Drawing on the meaning of "carvallo" as a species of oak, the sonnet links Carvallo to an idealized golden age in which man was sustained by fruits spontaneously brought forth by nature, with no need for industry or cultivation. The scene shares aspects in common both with Heidegger's scenario of techne and with the well-known disquisition in part 1 of the Quijote, and it establishes Carvallo in the position of the vates whose words are destined to nourish future generations of Spanish poets. However, it is worth noting that despite its portentous tone, and despite its self-conscious archaism and the value it appears to place on a prior age, the poem is framed from a modern perspective. Formally it is a sonnet, which is to say the modern lyric form in which song is interrupted by rhetoric. Furthermore, it valorizes the present, declaring the fruits of modern industria to be more nourishing and more varied than the ancient acorn. Yet having said this, the poem subsequently contradicts itself to assert that the acorn retains a particular kind of power that enables it to cast all later fruits into oblivion. This ambivalence reflects the role assigned to poiesis in discourses of modernity, which simultaneously declare the prior order to have been superceded and draw on it to reinforce the authority of the present. And though unremarkable as a poem, the sonnet thus broaches some of the central preoccupations for Spanish early moderns: to what extent could contemporary utterances be secured in the social imaginary by modern practices? And to what extent did they require support from sources that lay outside the modern regime, sources such as poiesis? Furthermore, given these questions, could Carvallo's text achieve its self-appointed object of defending a significant role for poetry in the contemporary world?
The dialogues in the Cisne de Apolo return continually to the magnitude of the task. Furthermore, some sections of the text offer reasons for its importance, which had to do with—as Thomas M. Greene argued some time ago—the "synecdochic" relationship between language and culture. In The Light in Troy, Greene credited Dante with being among the first medieval writers to link loquela (dialect), mores (customs), and habitus (styles). Focusing on Adam's phrase in the Paradiso, "l'uso de' mortali é come fronda / in ramo, che sen va e altra vene" (the usage of mortals is like a leaf on a branch, which goes as another comes) (5), the lines (which allude to one in Horace), mark, in the Paradiso, a pre-Renaissance threshold for the recognition of the groundlessness and contingency of language and culture. "Both the perception and the feeling would become constituent experiences of the humanist Renaissance" (7), Greene asserted; by the time of Petrarch, "the historicity of culture ... was no longer redeemable; it was tragic" (8).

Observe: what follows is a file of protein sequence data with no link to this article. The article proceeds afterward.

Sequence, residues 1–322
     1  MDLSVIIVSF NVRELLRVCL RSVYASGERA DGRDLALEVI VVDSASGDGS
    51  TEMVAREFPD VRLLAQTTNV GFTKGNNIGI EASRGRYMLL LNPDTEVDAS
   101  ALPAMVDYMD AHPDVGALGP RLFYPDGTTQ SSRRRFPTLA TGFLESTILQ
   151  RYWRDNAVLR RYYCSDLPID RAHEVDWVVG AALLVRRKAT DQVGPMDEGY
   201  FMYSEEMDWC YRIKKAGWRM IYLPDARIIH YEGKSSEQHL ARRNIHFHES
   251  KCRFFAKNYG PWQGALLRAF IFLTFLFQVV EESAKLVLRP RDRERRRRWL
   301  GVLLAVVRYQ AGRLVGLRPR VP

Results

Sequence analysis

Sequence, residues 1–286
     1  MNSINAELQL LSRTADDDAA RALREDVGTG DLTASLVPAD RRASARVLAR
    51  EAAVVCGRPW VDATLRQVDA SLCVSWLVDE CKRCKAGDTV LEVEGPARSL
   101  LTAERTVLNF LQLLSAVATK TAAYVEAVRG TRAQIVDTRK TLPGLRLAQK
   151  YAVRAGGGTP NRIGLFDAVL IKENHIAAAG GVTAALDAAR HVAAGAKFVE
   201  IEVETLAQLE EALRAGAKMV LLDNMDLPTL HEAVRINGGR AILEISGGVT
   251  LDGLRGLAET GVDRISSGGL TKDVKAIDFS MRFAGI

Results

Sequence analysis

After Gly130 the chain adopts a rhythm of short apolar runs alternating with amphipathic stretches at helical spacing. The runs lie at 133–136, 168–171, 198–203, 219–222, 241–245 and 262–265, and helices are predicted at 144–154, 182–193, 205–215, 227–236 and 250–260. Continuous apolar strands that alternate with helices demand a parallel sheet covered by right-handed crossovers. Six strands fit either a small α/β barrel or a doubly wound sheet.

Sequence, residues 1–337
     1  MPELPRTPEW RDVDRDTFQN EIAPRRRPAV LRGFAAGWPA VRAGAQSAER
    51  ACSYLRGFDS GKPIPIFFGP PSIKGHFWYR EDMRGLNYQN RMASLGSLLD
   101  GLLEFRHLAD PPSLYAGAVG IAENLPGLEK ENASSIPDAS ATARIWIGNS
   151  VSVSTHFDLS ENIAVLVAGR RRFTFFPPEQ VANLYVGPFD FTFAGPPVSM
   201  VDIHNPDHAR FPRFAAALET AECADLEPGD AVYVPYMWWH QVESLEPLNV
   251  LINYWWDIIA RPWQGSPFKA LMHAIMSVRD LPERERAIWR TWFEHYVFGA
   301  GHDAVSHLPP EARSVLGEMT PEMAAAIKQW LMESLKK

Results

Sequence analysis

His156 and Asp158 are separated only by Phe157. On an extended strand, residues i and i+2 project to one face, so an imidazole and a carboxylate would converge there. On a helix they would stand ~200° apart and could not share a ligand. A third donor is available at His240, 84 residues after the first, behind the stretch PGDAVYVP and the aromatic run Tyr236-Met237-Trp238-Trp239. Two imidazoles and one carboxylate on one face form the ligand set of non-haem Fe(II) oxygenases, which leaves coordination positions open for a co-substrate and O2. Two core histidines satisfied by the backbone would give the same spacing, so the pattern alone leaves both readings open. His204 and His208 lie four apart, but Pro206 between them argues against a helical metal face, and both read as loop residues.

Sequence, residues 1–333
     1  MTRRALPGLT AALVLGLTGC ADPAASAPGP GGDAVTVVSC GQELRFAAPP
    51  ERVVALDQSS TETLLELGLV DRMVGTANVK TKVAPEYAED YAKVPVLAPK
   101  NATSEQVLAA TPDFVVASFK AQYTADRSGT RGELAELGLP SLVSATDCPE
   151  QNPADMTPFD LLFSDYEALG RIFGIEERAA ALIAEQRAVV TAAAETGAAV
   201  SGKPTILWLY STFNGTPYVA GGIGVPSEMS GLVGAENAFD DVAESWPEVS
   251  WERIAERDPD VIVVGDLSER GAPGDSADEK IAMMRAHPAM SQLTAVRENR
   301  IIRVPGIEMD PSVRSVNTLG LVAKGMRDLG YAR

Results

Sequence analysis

Spain's early-sixteenth-century reformers such as Juan Luis Vives, Diego Hurtado de Mendoza, Boscán, and Garcilaso adopted the Petrarchan stance from their Italian contemporaries. As the Habsburg era progressed, however, this fashionable sense of loss was enhanced by emerging social and political discourses. From 1514 to 1517, the period in which Charles I of Spain was campaigning to be crowned Holy Roman Emperor Charles V, and even more forcefully roughly half a century later, in the wake of the victories of John of Austria against the Morisco uprisings in the Alpujarras and in the Battle of Lepanto, royal astrologers and biographers, as well as writers, elaborated a messianic vision of Spain's role in the world. If the country's modern history had heretofore taken the so-called Reconquest as its starting point, references to a "second Reconquest" that revealed God's plan for a global Christian hegemony—a hegemony that would be secured and administered by Spanish forces—called Spain's identity into question, threatening to transform its relationship to its own history. The long tradition of struggle and the victories of the Catholic kings were recast as a cipher whose meaning was now revealed. Furthermore, the dissemination of this view took place in the context of the continued erosion of the prerogatives of the great Spanish families. While the grandees had begun to experience increased regulation and subjugation under Isabel and Ferdinand, the process of their courtierization and their marginalization continued under Charles V and Philip II.
Excerpted from Poiesis and Modernity in the Old and New Worlds by Anthony J. Cascardi, Leah Middlebrook. Copyright © 2012 Vanderbilt University Press. Excerpted by permission of Vanderbilt University Press.